And that explains part, but not all, of the large-scale motion through the Universe. There’s also one more important effect at play, one that was quantified only recently: the gravitational repulsion of cosmic voids. For every atom or particle of matter in the Universe that clusters together in an overdense region, there’s a region of once-average density that’s lost the equivalent amount of mass.
Just as a region that’s more dense than average will preferentially attract you, a region that’s less dense than average will attract you with a below-average amount of force. If you get a large region of space with less matter than average in it, that lack-of-attraction effectively behaves as a repellent force, just as extra attraction behaves as an attractive one. In our Universe, opposite to the location of our greatest nearby overdensities, is a great underdense void.
Since we’re in between these two regions, the attractive and repulsive forces add up, with each one contributing approximately 300 km/s and the total approaching 600 km/s. When you add all of these motions together: the Earth spinning, the Earth revolving around the Sun, the Sun moving around the galaxy, the Milky Way headed towards Andromeda, and the local group being attracted to the overdense regions and repulsed by the underdense ones, we can get a number for how fast we’re actually moving through the Universe at any given instant.
We find that the total motion comes out to 368 km/s in a particular direction, plus or minus about 30 km/s, depending on what time of year it is and which direction the Earth is moving. This is confirmed by measurements of the cosmic microwave background, which appears preferentially hotter in the direction we’re moving, and preferentially colder in the direction opposite to our motion.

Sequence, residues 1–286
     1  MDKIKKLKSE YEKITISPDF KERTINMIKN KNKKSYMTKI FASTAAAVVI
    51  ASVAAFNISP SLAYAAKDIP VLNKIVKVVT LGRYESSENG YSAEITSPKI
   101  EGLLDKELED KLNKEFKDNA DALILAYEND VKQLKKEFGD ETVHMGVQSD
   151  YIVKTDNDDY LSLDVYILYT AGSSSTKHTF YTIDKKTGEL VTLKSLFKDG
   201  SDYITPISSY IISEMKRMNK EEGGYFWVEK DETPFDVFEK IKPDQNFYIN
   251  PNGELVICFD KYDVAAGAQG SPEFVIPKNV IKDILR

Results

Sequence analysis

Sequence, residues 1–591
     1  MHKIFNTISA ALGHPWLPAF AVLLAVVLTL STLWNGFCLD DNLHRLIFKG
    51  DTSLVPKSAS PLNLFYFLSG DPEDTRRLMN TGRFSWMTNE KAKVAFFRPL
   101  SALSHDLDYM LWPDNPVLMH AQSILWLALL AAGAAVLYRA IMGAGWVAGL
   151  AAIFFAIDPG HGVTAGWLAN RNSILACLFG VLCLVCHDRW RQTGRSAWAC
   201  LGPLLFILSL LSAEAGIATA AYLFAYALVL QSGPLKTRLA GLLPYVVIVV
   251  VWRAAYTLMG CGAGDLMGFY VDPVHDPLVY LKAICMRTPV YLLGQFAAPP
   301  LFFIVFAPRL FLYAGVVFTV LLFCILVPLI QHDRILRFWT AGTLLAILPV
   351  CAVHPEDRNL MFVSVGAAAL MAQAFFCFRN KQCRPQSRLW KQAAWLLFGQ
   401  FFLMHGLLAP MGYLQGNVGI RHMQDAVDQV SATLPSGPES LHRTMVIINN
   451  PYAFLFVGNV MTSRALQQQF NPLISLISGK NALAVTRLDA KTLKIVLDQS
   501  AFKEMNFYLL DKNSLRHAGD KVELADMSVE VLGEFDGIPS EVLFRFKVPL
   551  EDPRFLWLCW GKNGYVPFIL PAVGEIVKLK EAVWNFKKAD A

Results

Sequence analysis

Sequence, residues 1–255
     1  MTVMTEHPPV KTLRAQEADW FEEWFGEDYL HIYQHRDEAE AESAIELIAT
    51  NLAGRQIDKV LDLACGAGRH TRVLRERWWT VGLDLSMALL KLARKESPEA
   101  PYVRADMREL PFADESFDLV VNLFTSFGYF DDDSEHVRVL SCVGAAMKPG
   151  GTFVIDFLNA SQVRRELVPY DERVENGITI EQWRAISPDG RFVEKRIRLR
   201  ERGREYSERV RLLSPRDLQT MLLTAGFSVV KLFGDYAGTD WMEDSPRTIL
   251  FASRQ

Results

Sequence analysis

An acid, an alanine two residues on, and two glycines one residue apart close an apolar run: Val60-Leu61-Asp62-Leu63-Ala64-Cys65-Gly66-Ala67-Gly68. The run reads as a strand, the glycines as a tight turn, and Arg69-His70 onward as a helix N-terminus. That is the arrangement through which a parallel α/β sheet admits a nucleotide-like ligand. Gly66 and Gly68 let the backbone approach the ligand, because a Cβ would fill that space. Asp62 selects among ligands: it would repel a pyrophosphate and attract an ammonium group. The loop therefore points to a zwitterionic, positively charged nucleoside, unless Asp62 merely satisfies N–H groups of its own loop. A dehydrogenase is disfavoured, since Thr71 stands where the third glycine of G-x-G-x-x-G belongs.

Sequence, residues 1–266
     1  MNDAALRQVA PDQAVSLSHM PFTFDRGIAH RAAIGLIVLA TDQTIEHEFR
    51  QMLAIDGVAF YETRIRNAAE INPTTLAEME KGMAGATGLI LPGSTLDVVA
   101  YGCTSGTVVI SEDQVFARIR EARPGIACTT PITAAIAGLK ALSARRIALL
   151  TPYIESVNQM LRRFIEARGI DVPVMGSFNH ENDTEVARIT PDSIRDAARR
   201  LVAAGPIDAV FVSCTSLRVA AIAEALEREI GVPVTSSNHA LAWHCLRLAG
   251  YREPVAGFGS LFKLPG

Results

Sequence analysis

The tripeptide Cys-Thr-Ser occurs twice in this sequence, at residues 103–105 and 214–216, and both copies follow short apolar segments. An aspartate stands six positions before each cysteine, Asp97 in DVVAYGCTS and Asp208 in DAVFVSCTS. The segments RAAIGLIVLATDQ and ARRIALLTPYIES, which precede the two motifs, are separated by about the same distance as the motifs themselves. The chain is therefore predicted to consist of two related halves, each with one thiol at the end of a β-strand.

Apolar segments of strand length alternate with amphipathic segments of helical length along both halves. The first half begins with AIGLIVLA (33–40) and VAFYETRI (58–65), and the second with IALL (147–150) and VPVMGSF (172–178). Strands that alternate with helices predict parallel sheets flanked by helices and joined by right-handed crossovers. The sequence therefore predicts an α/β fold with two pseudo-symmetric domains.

If we ignore the Earth’s rotation and revolution around the Sun, we find that our Solar System is moving relative to the CMB at 368 ± 2 km/s. When you throw in the motion of the local group, you get that all of it — the Milky Way, Andromeda, the Triangulum galaxy and all the others — are moving at 627 ± 22 km/s relative to the CMB.
That larger uncertainty, by the way, is mostly due to uncertainty in the Sun’s motion around the galactic center, which is the most difficult component to measure. We know exactly how the Earth moves through the Universe, and it’s both beautiful and simple. Our planet and all the planets orbit the Sun in a plane, and the entire plane moves in an elliptical orbit through the galaxy.
Since every star in the galaxy also moves in an ellipse, we see ourselves appear to pass in-and-out of the galactic plane periodically, on timescales of tens of millions of years, while it takes around 200-250 million years to complete one orbit around the Milky Way. The other cosmic motions all contribute, too: the Milky Way within the Local Group, the Local Group in our Supercluster, and all of it with respect to the rest-frame of the Universe.
The Solar System isn’t a vortex, but rather the sum of all our great cosmic motions. Thanks to the incredible science of astronomy and astrophysics, we at last understand, to tremendous precision, exactly what that is.